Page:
A membrane switch is a type of electrical switch that’s made of a flexible material. Like all electrical switches, it’s used to turn a circuit on and off. Membrane switches are distinguished from their counterparts, however, by featuring a flexible construction. With that said, they also contain conductive ink. Some membrane switches use copper ink, whereas others use silver or graphite ink. Regardless, most membrane switches are designed with conductive ink. So, what’s the purpose of this conductive ink exactly?
The Basics of Membrane Switches
To better understand why membrane switches have conductive ink, you must first take a closer look at how they are constructed. While different membrane switches are constructed in different ways, most consist of a few basic layers. There’s the top layer that features the printed graphics, followed by a spacer layer and then a printed circuit layer.
Underneath the top layer of a membrane switch is an electrical contact. There’s also an electrical contact on the underlying printed circuit layer. When you press a membrane switch, the two contacts will meet, thereby completing the circuit. When you release your finger from the switch, the top contact will pull away from the bottom contact, thereby breaking the circuit.
Conductive Ink Completes the Circuit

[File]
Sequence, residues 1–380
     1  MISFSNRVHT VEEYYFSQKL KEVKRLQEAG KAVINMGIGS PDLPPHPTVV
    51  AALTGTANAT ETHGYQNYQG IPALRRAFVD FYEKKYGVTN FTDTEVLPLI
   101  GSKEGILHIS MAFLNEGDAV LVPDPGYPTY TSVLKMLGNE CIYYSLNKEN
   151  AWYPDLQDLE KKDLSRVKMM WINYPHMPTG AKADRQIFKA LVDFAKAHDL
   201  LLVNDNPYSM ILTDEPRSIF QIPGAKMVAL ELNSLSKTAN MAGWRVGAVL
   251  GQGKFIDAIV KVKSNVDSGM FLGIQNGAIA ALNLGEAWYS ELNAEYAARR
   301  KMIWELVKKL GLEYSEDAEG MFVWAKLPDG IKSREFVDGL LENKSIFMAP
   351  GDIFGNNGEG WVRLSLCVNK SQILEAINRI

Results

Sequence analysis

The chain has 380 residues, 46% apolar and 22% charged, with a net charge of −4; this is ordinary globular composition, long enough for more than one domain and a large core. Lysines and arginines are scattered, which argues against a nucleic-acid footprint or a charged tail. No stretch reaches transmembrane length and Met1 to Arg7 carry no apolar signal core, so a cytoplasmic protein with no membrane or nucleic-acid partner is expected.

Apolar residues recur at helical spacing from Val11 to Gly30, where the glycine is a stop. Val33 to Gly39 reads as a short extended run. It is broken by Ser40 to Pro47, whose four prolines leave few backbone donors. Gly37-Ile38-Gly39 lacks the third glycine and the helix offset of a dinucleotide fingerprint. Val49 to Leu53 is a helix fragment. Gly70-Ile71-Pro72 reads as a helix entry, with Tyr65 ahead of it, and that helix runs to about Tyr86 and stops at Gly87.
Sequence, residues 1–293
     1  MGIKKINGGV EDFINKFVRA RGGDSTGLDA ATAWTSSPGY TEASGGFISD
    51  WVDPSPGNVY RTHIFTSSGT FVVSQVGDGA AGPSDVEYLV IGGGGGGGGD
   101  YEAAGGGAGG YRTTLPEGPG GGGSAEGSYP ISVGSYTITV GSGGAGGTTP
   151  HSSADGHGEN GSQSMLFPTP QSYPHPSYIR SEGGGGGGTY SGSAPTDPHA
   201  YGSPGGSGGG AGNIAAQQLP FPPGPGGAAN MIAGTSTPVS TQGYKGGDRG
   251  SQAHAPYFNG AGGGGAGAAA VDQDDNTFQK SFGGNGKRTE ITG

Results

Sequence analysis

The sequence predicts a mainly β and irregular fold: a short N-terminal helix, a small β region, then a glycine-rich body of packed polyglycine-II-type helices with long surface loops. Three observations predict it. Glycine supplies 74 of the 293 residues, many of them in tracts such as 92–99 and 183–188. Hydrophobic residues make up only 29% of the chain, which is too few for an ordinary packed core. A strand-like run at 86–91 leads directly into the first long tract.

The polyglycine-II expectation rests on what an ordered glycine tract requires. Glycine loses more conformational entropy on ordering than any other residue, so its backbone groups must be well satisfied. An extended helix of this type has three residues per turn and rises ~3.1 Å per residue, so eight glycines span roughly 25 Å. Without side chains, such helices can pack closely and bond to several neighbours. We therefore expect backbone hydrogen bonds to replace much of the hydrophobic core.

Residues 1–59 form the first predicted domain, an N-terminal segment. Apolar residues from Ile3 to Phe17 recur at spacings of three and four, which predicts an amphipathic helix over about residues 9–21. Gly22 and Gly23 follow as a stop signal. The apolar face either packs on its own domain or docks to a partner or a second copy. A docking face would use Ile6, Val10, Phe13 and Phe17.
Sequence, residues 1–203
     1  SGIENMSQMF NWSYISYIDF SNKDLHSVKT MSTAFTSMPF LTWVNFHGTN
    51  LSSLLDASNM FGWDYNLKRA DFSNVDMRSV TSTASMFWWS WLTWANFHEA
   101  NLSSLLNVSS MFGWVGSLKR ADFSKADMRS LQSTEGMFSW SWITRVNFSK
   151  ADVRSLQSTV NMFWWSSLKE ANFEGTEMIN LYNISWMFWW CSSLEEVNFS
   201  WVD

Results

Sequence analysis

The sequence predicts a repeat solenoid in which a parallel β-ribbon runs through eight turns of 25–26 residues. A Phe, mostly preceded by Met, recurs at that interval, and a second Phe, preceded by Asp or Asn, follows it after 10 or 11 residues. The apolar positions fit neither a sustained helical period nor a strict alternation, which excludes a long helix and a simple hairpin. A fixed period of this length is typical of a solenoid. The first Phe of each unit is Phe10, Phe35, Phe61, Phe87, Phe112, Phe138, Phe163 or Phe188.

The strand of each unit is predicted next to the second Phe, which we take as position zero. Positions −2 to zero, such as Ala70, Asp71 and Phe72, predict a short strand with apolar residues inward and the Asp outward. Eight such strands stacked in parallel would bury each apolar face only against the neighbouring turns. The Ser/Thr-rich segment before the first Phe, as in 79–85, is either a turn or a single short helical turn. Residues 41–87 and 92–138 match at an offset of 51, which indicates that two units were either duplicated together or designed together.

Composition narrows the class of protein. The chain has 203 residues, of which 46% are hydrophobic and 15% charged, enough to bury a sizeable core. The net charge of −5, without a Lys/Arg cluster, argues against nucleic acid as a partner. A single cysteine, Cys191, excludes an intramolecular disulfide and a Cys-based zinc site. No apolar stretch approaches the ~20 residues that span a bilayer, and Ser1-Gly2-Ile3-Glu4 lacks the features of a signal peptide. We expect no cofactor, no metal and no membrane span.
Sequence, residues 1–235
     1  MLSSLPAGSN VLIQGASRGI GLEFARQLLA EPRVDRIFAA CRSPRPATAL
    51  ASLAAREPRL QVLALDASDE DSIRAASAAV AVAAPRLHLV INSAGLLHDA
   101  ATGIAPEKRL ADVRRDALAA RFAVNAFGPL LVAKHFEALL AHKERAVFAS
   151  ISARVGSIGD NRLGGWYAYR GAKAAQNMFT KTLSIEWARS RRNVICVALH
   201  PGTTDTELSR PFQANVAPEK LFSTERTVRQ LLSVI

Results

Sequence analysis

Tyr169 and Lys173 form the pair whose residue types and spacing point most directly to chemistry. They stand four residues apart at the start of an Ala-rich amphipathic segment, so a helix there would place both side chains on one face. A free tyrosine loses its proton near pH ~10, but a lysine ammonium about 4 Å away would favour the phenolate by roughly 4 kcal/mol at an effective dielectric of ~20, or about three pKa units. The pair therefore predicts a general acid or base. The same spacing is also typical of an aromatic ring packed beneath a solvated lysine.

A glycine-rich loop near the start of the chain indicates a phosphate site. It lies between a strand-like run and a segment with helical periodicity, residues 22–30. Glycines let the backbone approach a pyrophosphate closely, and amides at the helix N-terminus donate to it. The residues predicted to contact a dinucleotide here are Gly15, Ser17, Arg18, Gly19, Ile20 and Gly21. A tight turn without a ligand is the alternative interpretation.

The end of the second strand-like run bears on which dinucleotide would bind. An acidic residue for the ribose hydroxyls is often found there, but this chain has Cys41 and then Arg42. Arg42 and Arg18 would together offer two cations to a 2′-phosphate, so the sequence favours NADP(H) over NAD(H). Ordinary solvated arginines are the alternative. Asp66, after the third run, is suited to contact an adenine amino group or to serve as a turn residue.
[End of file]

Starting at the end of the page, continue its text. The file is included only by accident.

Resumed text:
The electrical contacts used in membrane switches typically consist of conductive ink because it allows for the completion of a circuit. The term “conductive,” of course, refers to an object’s or material’s ability to transfer electricity. Not all materials are conductive. Some materials are significantly more conductive than others.
Conductive ink is used in membrane switches to facilitate the flow of electricity, which in turn allows for the completion of the circuit. If membrane switches used a non-conductive ink, they wouldn’t function as intended. Pressing the membrane switch essentially wouldn’t do anything. Conductive ink, on the other hand, allows membrane switches to complete the circuit when pressed.
Conductive Ink Saves Space
There are other types of conductive materials that can be used instead of conductive ink. Conductive ink, however, is often preferable because it consumes little or no space. Membrane switches are typically small, so they require equally small components. Thankfully, conductive ink is the perfect solution because it consumes little or no space.
Membrane switches use conductive ink to complete the circuit. Some use copper ink, whereas others use silver or graphite ink. The conductive contacts allow the switch to function as intended.